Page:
Outgrowing God by Richard Dawkins

In his new book Outgrowing God, Professor Richard Dawkins explores how much of what we know about religion is true, and argues why we shouldn’t believe in God.

(c) Jana Lenzova

‘The animals went in two by two.’ We love the story of Noah’s Ark. Mr and Mrs Giraffe, Mr and Mrs Elephant, Mr and Mrs Penguin and all the other couples, patiently walking up the gangway into the great wooden ship, welcomed by a beaming Mr and Mrs Noah. Sweet. But wait; why was there a worldwide flood in the first place? God was angry with the sinfulness of humankind. All except Noah, who ‘found favour in the eyes of the Lord’. So God decided to drown every man, woman and child, plus all the animals except one pair of each kind. Not so sweet after all?

Whether or not we think God is an entirely fictional character, we can still judge whether he is good or bad, just as we might judge Lord Voldemort or Darth Vader or Long John Silver or Professor Moriarty or Goldfinger or Cruella de Vil. So throughout this chapter, when I say ‘God did so-and-so’ I mean ‘the Bible says that God did so-and-so’, and from these accounts we can judge if the God character is a nice character, whether the stories about him are fact or fiction. I shall do so, and you will no doubt feel free to decide for yourself whether you think it’s still possible to love God in spite of everything. As a man called Job did, in the following story from the Bible. 

Job was a very good, righteous man who loved God. This pleased God so much that he had a sort of bet with Satan about Job. Satan thought Job was good and well-behaved and loved God only because he was fortunate – rich and healthy, with a nice wife and ten lovely children. God bet Satan that Job would go on being good and go on loving and worshipping him, even if he lost all his good fortune. God gave Satan permission to test Job by depriving him of everything. And Satan duly set about it. Poor Job! His cattle and sheep all died, his servants were all killed, his camels were stolen, his house blew down in a gale and all his ten children died. But God won the argument because, even in the face of such provocation, Job never became cross with God, and refused to stop loving and worshipping him.

Satan still wouldn’t admit defeat, though, so God gave him permission to test Job even further. This time Satan covered Job’s whole body with boils, like the boils God inflicted on the Egyptians. Still Job’s faith held firm. He didn’t stop loving God. So God finally rewarded Job by curing the boils and giving him lots more wealth. His wife had lots more children. And they all lived happily ever after. Pity about the ten dead children and all the other people who’d been killed because of the bet but – as people often say – you can’t make an omelette without breaking eggs.

Like the Noah myth, it’s just a story, it didn’t happen.

Here’s another story, a very upsetting one, also about God testing somebody to see whether he really loved God. Imagine that, when you were a child, your father woke you one morning and said, ‘It’s a fine day, how would you like to come with me for a walk in the country?’ You might quite fancy the idea. So off you go for a nice day together. After a while, your father stops to gather wood. He piles it up and you help him because you enjoy bonfires. But now, when the bonfire is ready to light, something terrible happens. Utterly unexpected. Your father seizes you, throws you on top of the pile of wood and ties you down so you can’t move. You scream with horror. Is he going to roast you on top of the bonfire? It gets worse. Your father produces a knife, raises it above his head, and you are now in no doubt. Your father is about to run his knife through you. He’s going to kill you and then set fire to your body: your own father, the father who told you bedtime stories when you were little, told you the names of flowers and birds, your dear father who gave you presents, comforted you when you were afraid of the dark. How could this be happening?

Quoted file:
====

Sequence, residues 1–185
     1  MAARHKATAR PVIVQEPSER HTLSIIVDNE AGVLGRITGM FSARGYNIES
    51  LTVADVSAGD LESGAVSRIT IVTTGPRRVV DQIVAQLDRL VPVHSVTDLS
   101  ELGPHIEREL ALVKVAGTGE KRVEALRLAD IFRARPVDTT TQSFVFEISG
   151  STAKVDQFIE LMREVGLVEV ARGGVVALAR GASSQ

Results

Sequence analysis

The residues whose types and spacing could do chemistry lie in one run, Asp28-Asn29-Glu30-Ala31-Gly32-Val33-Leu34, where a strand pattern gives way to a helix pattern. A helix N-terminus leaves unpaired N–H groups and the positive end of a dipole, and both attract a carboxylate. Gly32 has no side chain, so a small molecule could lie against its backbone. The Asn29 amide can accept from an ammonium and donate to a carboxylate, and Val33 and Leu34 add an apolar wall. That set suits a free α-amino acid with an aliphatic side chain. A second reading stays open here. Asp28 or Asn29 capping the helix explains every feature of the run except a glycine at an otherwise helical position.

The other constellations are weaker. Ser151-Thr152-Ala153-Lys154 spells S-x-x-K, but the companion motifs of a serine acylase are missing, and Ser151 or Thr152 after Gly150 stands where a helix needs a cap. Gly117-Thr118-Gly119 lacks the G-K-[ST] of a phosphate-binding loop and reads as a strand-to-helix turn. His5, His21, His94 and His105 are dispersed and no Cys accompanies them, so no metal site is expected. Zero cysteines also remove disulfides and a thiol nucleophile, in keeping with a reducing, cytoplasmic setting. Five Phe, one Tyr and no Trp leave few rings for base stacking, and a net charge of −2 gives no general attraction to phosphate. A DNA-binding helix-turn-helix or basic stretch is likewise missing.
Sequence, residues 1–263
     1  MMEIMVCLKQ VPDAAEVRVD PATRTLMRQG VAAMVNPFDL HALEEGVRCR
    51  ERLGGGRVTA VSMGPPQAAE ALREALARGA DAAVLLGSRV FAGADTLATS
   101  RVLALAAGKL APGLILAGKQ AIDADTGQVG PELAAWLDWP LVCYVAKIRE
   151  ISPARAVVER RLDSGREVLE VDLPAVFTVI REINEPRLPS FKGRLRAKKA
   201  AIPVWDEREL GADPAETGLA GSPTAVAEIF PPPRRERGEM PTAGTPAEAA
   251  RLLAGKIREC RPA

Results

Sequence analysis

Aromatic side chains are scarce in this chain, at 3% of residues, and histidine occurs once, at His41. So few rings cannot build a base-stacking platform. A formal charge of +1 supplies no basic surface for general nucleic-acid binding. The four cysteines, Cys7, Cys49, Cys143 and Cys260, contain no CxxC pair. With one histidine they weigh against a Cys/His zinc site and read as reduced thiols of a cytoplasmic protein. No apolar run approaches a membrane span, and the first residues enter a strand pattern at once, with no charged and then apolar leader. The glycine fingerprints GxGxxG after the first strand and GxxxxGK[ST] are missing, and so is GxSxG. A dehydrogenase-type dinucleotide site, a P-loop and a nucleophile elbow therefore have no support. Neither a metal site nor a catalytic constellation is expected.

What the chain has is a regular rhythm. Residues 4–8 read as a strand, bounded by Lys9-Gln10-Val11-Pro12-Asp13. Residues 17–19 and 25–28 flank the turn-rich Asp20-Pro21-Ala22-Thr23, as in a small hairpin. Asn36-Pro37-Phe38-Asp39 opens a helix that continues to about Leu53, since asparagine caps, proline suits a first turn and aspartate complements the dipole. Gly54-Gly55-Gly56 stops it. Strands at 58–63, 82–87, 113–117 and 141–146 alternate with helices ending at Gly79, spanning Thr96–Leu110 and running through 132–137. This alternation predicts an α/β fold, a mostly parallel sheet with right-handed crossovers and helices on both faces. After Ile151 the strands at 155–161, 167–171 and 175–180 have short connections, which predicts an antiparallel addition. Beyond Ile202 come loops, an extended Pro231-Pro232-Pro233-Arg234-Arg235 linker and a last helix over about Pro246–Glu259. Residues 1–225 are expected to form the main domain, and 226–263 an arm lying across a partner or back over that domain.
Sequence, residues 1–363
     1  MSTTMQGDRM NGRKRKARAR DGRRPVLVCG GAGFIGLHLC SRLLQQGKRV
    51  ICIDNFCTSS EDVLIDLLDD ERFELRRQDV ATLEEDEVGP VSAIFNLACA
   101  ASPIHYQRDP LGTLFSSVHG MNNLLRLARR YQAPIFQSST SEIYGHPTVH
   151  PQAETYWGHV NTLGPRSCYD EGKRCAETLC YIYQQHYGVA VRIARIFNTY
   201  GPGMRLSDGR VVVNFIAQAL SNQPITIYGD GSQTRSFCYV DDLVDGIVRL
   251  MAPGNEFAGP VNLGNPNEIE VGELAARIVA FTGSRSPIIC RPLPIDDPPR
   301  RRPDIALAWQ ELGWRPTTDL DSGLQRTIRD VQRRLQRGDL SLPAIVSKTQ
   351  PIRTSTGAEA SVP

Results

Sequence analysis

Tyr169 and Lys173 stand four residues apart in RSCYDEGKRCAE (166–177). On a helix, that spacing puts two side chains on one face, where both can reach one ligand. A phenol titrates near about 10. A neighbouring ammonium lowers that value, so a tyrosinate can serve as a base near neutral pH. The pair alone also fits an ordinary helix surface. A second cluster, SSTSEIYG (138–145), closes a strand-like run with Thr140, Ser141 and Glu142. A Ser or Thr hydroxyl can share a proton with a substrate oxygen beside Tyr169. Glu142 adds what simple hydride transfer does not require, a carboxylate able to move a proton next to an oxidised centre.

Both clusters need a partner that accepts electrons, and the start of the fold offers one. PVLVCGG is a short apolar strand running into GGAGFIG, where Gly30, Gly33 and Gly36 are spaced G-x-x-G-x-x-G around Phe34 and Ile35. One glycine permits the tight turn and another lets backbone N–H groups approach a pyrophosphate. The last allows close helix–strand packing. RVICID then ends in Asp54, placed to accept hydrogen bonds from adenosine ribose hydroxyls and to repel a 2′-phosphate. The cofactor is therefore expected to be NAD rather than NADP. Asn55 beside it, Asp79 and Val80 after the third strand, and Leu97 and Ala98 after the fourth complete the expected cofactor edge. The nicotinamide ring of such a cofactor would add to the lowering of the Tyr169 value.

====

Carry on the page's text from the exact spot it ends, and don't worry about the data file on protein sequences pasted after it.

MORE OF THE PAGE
Suddenly he stops. He looks up at the sky with a strange expression on his face, as though carrying on a conversation with himself in his head. He puts away the knife, unties you and tries to explain what has happened, but you are so paralysed with horror and fear that you can scarcely hear his words. Eventually he makes you understand. It was all God’s doing. God had ordered your father to kill you and offer you up as a burnt sacrifice. But it turned out to be just a tease – a test of your father’s loyalty to God. Your father had to prove to God that he loved God so much that he was even prepared to kill you if God ordered him to do so. He had to prove to God that he loved God even more than he loved his own dear child. As soon as God saw that your father was really, really prepared to go through with it, God intervened just in time. Gotcha! April Fool! I didn’t really mean it! Yes, it was a good joke, wasn’t it?

Is it possible to imagine a worse trick to play on someone? A trick calculated to scar a child for life and poison a father–child relationship for ever. But that’s exactly what the Bible says God did. Read the whole story in Genesis chapter 22. The father was Abraham; the child was his son Isaac.


Sign up to the Penguin Newsletter

For the latest books, recommendations, author interviews and more